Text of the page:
Google (NASDAQ:GOOG) last week added more fine-grained controls to its Google+ social network, including the ability to control who can send a user notifications, and the ability to disable the comment-placing capability and lock posts before a user shares his or her information.
Responding to user requests, Google has added a section in its Google+ settings for "Who can notify you." Users will always be notified if someone comments on one of their posts or adds them to a circle, explained Google software engineer Kathleen Ko.
However, this new setting will let users control whom they receive notifications from, if another user shares with them individually, or if a user selects "notify about this post" when sharing a Circle another person is in, mention their name with the + signifier, invite them to a Hangout on Google+ or invite them to play a game.
Google opted to set the "Who can notify you" setting to Extended circles or Circles' Circles the default. However, users may change this to be Your circles, Anyone, or a custom selection of specific circles and individuals.
Why would people want such a control? Isn't the purpose of Google+ to facilitate information sharing? Yes, but it's also good to have more tools that help users filter out the signal from noise, or the most important information.
"Choosing who is allowed to send you notifications is great because it enables you to only be notified by the people you care about most," Google explained. "For example, let's say you like being notified when someone mentions you, but you're being mentioned by lots of casual acquaintances. Limiting who can send you notifications would allow you to be notified of the mentions only from the people you want to hear from."
The other big control perk Google added to help users separate filter from noise is the ability to let users disable comments and lock posts before they share them to the Google+ stream.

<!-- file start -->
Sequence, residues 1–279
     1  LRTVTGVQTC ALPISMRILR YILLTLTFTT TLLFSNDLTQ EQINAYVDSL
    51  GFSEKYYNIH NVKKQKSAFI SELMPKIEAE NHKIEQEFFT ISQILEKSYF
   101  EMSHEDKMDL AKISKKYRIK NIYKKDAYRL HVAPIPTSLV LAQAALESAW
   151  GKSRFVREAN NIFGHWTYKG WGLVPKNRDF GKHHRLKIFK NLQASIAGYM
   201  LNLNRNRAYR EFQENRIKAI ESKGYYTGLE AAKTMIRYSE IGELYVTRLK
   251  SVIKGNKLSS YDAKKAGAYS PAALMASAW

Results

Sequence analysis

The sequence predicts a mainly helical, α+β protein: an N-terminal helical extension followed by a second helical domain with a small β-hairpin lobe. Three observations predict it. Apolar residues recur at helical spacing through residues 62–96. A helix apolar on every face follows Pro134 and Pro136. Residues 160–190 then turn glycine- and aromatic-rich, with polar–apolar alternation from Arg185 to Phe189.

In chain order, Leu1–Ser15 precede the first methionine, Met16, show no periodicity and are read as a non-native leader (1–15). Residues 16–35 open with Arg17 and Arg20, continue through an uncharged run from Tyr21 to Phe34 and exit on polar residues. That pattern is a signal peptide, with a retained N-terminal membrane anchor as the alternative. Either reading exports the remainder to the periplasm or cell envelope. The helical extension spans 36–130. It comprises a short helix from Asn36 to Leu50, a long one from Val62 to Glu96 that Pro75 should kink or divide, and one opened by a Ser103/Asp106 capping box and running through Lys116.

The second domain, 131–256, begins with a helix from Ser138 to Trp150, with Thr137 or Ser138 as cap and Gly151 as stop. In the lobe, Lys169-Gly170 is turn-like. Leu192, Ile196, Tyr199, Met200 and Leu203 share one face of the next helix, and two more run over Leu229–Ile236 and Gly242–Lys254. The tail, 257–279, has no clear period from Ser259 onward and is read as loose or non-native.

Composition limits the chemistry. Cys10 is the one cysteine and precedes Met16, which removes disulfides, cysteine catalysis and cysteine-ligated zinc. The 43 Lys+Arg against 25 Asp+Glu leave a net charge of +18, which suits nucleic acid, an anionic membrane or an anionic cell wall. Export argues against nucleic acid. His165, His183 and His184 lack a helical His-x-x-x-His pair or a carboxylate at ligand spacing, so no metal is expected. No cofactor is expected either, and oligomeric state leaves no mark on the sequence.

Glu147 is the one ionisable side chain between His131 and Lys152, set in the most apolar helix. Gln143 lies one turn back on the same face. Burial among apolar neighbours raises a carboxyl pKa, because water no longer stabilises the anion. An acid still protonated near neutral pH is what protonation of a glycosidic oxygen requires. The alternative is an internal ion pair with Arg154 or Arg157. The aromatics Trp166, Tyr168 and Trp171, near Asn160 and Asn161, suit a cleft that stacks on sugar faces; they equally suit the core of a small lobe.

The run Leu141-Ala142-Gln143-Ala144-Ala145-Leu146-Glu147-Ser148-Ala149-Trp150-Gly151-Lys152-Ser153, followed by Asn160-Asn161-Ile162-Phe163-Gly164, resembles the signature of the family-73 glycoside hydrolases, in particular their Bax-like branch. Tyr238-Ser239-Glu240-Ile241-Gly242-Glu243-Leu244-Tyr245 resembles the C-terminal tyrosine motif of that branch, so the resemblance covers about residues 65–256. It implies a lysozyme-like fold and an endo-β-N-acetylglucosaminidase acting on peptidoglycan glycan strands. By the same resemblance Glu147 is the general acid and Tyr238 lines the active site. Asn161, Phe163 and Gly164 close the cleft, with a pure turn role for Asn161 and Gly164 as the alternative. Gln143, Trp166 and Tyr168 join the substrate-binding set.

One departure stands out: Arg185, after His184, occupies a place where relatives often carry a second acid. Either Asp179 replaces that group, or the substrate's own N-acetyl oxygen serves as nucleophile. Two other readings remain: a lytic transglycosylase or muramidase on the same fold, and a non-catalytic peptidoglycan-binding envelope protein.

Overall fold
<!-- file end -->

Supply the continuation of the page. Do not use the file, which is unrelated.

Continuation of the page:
Disabling comments keeps a post from being soiled or mucked up with commentary for those times a user doesn't want unsolicited comments on their posts. Locking posts will allow users to keep them from being reshared with the rest of the users on Google+.
Previously, when Google+ users wanted to lock a post or disable comments, they would have to share the post first, then close the comments or lock the post once it was public. But this didn't protect it from speedy resharers-people who quickly reshared a post they liked for posterity.
Users will select the Circles with whom they choose to share info and, as they place their mouse cursor over the share box, they will see the option to disable comments and lock the post before blasting the content out to the Google+ Stream.
Such granular controls will help users who require more power over the sharing that goes on within their account.
Making people comfortable enough to use the network is a big step in helping Google+, now in public beta, grow to challenge Facebook in the attention management realm.